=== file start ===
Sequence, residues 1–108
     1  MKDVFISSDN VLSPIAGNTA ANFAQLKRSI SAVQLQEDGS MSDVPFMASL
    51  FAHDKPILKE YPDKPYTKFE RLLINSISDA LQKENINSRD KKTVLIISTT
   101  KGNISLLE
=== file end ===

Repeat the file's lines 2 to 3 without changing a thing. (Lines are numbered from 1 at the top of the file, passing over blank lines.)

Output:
     1  MKDVFISSDN VLSPIAGNTA ANFAQLKRSI SAVQLQEDGS MSDVPFMASL
    51  FAHDKPILKE YPDKPYTKFE RLLINSISDA LQKENINSRD KKTVLIISTT